"Don't just stop like that," she said, shaking her head. "You know this thing," she pointed a finger back in forth between him and herself, "works better when you talk to me."
He sighed. "I don't know. I've been feeling a little disconnected from you lately. Standing out there on the porch with you reminded me what it feels like to be really close to you..." He bit his lip. "I know you love your job. And I'm proud of you, I am. It's just…" He sighed and rolled away from her, onto his back. "Forget it. I know you've gotta do what you've gotta do. You can't do this job half assed."
She rose up over him and looked down at him. "No, I can't," she said. "But you've quit a job for me before, Eric. You quit TMU. If it comes to that…if it comes to a choice between our marriage and my job, you know what I'm going to choose."
"I'm not asking you to make that choice. Our marriage isn't going anywhere. It's stayin' put."
She stroked his cheek. "I know you're not asking. Just like I didn't ask you to quit that Austin job. And I never would have asked you, probably. I was too proud. But you quit anyway, thank God, because I don't know what would have happened to our family if you hadn't." She kissed him. "I'll tell you what," she said when she lifted her head back up. "Part of the problem is I'm doing almost all of the work because my current Assistant Dean has gotten lazy. Just plain lazy. I think his time is going to some book he's been working on. You've heard me complaining about him."
"I'm pushing for a replacement. I expect to have one by mid to late fall. Three to four more months of crazy hours tops. If things don't improve after I get a new assistant, we'll talk about a change. Okay? I can always look for a high school counseling position if I have to. I'd rather try to make this job work for us, but if it doesn't, there are other options."
She could see the relief in his eyes. He barely nodded. She kissed him again and then lay her head down on his shoulder and draped her left leg over both of his. He rubbed her back for awhile and then whispered, "Thank you, Tami."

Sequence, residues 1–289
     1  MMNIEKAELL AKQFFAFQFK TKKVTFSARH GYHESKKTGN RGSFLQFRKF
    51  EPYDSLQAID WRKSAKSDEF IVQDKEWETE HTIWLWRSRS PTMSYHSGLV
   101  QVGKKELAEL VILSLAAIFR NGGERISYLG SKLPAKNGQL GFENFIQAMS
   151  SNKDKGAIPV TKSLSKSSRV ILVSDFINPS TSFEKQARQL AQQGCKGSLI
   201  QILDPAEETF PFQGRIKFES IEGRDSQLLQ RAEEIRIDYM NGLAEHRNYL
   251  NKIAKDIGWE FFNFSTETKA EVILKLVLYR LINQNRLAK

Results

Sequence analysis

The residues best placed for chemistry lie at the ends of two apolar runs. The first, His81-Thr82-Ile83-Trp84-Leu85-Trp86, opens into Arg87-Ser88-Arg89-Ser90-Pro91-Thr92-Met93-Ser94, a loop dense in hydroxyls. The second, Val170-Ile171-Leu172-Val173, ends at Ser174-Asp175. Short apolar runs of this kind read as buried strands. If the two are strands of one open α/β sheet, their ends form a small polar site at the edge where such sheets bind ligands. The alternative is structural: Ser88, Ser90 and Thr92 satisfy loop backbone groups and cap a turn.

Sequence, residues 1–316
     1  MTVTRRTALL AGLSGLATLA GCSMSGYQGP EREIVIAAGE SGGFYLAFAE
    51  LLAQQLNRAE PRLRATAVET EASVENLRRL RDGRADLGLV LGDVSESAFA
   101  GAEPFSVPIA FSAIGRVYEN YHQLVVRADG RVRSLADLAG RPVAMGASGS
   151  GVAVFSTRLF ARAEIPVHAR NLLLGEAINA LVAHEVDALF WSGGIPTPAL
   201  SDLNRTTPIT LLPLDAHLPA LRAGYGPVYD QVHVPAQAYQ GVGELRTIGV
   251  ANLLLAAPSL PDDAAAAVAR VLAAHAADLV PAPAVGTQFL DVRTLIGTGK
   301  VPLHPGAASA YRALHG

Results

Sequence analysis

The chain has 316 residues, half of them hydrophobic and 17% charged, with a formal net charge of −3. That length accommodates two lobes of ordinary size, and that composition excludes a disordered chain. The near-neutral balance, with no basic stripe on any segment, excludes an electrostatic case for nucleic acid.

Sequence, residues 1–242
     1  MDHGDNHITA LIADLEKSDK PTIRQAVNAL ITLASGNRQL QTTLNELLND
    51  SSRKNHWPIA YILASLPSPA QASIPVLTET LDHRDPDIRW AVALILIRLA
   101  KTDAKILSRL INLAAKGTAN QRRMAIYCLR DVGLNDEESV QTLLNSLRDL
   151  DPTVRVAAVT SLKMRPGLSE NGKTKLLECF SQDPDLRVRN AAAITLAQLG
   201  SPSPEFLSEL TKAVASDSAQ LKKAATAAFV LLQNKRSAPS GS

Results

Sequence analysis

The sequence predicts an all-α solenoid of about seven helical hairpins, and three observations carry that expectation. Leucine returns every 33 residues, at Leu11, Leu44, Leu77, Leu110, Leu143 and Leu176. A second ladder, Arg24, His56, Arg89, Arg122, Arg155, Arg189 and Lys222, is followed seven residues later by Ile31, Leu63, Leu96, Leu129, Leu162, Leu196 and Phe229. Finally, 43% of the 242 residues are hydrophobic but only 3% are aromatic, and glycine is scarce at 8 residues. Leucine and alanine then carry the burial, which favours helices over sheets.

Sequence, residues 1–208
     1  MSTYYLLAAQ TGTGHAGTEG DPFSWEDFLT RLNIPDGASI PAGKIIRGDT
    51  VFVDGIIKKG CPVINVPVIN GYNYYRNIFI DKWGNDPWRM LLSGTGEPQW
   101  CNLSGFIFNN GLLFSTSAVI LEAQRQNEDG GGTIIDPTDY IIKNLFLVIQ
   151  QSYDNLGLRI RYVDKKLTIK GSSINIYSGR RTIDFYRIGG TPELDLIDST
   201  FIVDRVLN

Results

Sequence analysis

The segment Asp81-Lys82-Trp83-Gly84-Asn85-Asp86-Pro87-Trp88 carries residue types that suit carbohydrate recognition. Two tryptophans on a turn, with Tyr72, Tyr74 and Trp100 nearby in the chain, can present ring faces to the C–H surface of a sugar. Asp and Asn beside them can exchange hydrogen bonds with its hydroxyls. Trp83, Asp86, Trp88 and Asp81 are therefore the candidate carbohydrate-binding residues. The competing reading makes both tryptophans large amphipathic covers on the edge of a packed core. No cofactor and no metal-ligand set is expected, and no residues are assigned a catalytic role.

If you enjoy my fanfiction, please check out my novels at Amazon. They are available in both paperback and Kindle editions.
Off Target by Molly Taggart
Sophie Mitchell may be the top marksman on her high school rifle team, but she has bad aim when it comes to boys. Her best friend Cory tells her that she doesn't have to date, but how else is she supposed to fit in? Even her own mother thinks she's eccentric. What eighteen-year-old girl isn't interested in romance? So Sophie devises a plan that will enable her to date even while she remains bullet-proofed from love. As Cory observes her amorous adventures from downrange, he worries that, these days, Cupid might be making armor-piercing bullets.
Roots that Clutch by Molly Taggart
Jeb Anderson is half in love with his brother's sister-in-law, but he can't act on that. His ex-wife wants him back, and they have children. Life isn't like the simple love songs he writes to turn a quick buck. It's thorny and it's tangled, like family roots, like the poetry that haunts his soul. Jeb recently managed to reconcile with his estranged brother over their father's coffin, so maybe he can rebuild a marriage with his cheating ex. Or maybe he's making the worst mistake of his life.
And now, back to your regularly scheduled fanfiction: